Kosoko Jackson knows there’s always room for more Black queer stories

· Updated on February 15, 2024

If you’re in need of a good read, then look no further than Kosoko Jackson‘s novels. A digital storyteller by day and an author by night, Jackson has been shaping literature across a variety of genres for years. Whether its a pleasant culinary rom-com, like A Dash of Salt and Pepper, intense thrillers like Survive the Dome, or, most recently, the paranormal horror-fantasy The Forest Demands its Due, Jackson always has one calling card, featuring Black queer protagonists.

As a vocal champion of diversity in young adult literature, Jackson is bringing more Black queer representation to the forefront with each novel. His efforts won him a Lambda Literary Award in 2023 for his rom-com I’m So (Not) Over You, which featured two Black queer protagonists. With three new projects in the works, INTO chatted with Jackson for our Get INTO It interview series about how what he hopes Black queer people take away from his novels, why Beyoncé’s country era has him in a chokehold, and his advice to aspiring Black queer writers.

What three words would you use to describe your writing and why?

Diverse. Explorative. Engaging. I want all of my novels to have diverse elements so everyone can be seen. I’m really passionate about, each book, pushing myself as an author. And I like to think my narratives have engaging plots that keep readers guessing. 

Your work ranges from romantic comedies like I’m So (Not) Over You and thrillers like your latest book The Forest Demands Its Due. However, is there a genre you tend to gravitate towards?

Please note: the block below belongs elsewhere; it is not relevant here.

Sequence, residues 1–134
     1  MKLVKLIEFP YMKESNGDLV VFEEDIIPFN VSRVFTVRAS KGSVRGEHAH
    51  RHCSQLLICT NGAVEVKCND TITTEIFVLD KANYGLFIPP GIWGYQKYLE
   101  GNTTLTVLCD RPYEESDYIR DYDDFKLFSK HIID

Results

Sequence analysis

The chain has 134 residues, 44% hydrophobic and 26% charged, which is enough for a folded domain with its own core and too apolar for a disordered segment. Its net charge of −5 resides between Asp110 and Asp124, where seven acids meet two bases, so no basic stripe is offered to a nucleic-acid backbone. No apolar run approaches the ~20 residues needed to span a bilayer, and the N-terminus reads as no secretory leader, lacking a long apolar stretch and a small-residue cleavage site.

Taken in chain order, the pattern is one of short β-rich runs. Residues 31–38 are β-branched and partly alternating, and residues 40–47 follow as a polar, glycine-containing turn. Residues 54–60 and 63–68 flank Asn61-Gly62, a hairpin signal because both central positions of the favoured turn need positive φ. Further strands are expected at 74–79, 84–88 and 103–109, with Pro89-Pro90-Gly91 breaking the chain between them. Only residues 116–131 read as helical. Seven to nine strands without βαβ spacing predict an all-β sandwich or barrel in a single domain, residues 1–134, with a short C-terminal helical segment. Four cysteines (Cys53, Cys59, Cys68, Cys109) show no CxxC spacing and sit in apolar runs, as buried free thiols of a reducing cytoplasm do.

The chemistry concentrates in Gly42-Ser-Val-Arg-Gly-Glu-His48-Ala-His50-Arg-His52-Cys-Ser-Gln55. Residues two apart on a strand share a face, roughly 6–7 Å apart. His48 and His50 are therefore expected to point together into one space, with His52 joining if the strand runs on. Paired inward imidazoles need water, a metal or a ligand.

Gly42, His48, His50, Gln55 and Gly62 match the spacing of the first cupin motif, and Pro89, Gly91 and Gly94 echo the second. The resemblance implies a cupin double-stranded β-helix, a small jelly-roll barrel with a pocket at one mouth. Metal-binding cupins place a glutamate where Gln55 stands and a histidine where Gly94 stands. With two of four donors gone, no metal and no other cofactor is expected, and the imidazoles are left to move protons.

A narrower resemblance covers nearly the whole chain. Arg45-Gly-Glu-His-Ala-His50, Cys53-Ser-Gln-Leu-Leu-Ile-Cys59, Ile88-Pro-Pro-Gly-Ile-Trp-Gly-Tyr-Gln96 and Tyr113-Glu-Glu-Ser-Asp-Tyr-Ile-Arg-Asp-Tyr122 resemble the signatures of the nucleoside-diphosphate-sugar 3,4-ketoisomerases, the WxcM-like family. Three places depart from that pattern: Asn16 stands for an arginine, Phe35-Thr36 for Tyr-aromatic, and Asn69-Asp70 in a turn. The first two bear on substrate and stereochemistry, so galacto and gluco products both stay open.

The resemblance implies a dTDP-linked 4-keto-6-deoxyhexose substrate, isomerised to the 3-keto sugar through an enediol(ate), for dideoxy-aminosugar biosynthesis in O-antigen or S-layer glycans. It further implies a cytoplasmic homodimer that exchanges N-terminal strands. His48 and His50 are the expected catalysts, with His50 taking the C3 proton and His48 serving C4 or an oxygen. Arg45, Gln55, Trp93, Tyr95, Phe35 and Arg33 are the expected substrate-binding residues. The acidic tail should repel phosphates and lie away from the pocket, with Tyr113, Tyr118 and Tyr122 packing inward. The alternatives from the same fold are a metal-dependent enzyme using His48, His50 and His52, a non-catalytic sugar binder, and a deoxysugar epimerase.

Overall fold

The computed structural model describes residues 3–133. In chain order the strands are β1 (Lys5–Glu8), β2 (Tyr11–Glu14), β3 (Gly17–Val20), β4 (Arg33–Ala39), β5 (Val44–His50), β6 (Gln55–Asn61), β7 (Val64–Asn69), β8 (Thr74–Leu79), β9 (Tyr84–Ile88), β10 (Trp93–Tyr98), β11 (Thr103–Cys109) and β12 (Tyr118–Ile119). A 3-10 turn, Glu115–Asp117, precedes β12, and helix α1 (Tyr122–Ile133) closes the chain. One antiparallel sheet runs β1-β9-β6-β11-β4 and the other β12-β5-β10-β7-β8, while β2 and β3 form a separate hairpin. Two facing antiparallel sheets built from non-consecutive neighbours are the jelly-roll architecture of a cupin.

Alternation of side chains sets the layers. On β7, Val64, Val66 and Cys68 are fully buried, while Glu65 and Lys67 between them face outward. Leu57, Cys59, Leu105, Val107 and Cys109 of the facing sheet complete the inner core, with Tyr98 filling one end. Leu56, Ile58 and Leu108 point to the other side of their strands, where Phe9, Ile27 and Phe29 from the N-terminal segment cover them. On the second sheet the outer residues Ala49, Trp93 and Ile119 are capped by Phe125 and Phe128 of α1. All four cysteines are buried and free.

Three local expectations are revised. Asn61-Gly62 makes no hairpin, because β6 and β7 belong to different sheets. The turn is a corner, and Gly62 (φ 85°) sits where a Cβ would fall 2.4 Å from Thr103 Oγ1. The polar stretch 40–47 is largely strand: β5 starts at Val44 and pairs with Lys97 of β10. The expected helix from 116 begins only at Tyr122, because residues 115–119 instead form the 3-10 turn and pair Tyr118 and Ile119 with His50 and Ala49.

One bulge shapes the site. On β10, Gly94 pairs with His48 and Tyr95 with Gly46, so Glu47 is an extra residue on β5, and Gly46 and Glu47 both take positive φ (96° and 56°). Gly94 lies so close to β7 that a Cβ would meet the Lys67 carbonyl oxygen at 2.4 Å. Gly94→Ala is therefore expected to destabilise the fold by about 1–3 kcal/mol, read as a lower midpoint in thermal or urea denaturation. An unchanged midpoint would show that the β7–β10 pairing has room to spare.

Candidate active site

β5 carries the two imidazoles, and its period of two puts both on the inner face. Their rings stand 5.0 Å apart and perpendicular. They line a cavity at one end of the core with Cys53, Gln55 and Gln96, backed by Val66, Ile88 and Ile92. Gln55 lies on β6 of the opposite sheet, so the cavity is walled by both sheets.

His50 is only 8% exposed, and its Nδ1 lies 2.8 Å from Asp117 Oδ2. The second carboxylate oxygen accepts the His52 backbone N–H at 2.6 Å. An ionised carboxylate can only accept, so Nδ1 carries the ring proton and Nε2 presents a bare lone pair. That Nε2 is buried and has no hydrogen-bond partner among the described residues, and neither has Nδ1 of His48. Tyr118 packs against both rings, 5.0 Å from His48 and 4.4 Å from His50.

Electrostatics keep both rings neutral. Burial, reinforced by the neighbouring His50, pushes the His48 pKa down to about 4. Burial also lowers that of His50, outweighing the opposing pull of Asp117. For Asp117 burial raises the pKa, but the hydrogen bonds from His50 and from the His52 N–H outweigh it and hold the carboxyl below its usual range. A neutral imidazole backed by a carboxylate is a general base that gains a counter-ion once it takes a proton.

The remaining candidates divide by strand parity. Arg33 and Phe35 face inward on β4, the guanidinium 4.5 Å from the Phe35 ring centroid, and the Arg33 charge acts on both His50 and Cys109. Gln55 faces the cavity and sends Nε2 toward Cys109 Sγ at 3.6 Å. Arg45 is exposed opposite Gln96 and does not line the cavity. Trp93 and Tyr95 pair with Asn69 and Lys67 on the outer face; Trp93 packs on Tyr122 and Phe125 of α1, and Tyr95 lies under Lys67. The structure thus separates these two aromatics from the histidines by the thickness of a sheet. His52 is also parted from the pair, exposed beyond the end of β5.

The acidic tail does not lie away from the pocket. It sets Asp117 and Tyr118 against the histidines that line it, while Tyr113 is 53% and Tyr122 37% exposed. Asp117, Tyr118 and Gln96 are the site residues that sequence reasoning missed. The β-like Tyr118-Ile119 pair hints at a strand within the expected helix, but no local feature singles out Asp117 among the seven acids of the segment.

I tend to write what I’m feeling. I’m lucky enough to have an agent who supports this. Right now, I’m really into science fiction and fantasy, but that may change. I hope to explore almost every genre at one point or another in my career. 

One defining characteristic of your work is the focus on Black queer protagonists. What do you hope Black queer people take away from reading your books?

I want Black queer people to take away that they can be anything. Heroes villains, side characters, love interests, etc. There is no pigeonholing in my stories and I think that’s important, magical, and wonderful. 

As someone who has written young adult novels, you’re versed in writing about defining teenage moments. However, what is a queer pop culture moment defined your teenage years or childhood?

I didn’t grow up with a huge amount of queer rep, but Marco from Degrassi made me feel seen. His coming out episode was the first episode of Degrassi I saw. I also loved watching True Blood and all the queer rep there – although I had to watch bootleg copies at 1AM. I also read a lot of queer manga. 

Out of all of your novels, what was your favorite one to write and what was your most challenging one to write and why?

Tough question! Currently its The Forest Demands Its Due, but that changes with each book. Not only is this one the most recent, but I always wanted to be a fantasy author. And here I am!

Of course there are folks who are obsessed with your work, but we’d like to know what’s a book, movie, song/album, or TV show that you’re obsessed with right now and why?

Texas Hold ‘Em” by Beyoncé has me in a chokehold and will not let go for a long while. I’m also relistening to MUNA a lot, and falling in love with SZA again. I’m very excited to see Dune 2 and already have my midnight tickets. 

In what ways have you grown as a writer since publishing your first book?

I like to think my plotting is a lot stronger than it used to be years ago and my ability to craft intricate stories with multiple threads. That has made it so my novels can be more expansive, I feel. There are so many types of stories I want to write, and being able to write those complex novels is great and something I look forward to expanding. 

Lastly, what advice would you give to Black queer writers aspiring to publish their novels? 

It might seem like there are no spaces for your stories, but I promise you, we need more queer Black stories. We need more novels about people like us and more novels that are more than just coming out stories. We need novels that show our wide range of differences. Your voice matters. 

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